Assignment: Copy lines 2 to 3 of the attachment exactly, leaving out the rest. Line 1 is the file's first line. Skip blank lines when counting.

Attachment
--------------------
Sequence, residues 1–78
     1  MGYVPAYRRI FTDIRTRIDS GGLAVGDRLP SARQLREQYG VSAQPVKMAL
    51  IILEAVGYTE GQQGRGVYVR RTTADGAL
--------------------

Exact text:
     1  MGYVPAYRRI FTDIRTRIDS GGLAVGDRLP SARQLREQYG VSAQPVKMAL
    51  IILEAVGYTE GQQGRGVYVR RTTADGAL